Paul Miller, on leaving the Internet:
I feel like I’ve only examined the internet up close. It’s been personal and pervasive in my life for over a decade, and I spend on average 12+ hours a day directly at an internet-connected terminal (laptop, iPad, Xbox), not to mention all the ambient internet my smartphone keeps me aware of.
I’m not sure what “examined the internet up close” means, but I’ve emphasized the real problem in that paragraph–instead of removing yourself from internet access entirely, how about just, you know, cutting back?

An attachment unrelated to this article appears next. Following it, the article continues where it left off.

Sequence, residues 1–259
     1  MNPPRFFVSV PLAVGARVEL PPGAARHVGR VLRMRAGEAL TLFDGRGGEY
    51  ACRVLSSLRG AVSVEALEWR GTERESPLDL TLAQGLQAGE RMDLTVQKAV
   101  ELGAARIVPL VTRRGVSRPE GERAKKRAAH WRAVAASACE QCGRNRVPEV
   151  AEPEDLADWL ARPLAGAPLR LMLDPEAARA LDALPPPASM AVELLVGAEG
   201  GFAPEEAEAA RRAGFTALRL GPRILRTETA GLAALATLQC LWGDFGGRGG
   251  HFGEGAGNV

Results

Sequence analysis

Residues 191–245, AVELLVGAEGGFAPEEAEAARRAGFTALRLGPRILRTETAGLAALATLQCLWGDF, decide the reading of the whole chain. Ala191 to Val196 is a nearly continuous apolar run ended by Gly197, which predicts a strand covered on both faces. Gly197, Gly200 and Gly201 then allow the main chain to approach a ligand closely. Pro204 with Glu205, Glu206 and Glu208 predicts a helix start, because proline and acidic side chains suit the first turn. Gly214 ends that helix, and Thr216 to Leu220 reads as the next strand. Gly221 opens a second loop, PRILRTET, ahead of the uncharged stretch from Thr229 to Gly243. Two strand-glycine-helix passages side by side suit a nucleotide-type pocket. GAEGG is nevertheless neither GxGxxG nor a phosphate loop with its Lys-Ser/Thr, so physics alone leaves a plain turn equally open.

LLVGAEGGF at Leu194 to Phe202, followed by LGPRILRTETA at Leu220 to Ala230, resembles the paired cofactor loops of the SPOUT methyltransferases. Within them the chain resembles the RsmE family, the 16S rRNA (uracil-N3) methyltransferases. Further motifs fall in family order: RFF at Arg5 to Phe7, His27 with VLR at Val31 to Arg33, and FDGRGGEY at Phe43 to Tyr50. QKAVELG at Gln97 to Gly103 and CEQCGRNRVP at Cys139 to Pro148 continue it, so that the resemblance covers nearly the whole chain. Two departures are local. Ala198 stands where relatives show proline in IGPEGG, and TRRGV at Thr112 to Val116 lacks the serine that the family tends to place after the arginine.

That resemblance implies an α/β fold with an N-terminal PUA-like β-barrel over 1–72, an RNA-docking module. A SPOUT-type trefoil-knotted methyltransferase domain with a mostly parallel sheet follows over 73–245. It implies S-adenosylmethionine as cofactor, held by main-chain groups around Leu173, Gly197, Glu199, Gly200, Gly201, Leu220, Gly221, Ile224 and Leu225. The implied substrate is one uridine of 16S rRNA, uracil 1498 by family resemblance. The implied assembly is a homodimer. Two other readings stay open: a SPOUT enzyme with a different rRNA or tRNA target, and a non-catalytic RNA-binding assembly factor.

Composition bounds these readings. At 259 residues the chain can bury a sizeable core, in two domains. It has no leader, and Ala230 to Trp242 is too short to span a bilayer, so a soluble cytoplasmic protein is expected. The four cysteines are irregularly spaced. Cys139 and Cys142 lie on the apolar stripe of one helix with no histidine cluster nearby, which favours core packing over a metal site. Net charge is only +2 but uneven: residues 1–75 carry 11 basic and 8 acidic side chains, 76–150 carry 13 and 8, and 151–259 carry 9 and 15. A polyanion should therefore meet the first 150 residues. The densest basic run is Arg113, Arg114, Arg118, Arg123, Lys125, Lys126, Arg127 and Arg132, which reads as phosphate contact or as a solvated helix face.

I agree with Murray that Miller’s actions are probably over the top. That said, I do think many of us who are neck-deep in the Internet daily could use a healthy dose of self-control.
In a world where all of our phones are connected to Twitter, RSS and more, it’s hard. I can’t just turn it off. I have two kids, a house and a busy job. People need to get in touch with me.
Back in October, I stopped playing games on my iPhone. While that experiment has been successful, I still find myself reaching for my phone more than I’d like.
I’m not quitting my iPhone, Paul Miller style. (Despite the fact I used a RAZR for a large portion of 2010.) I am, however, looking for ways to use it more as a tool and less as a time-waster.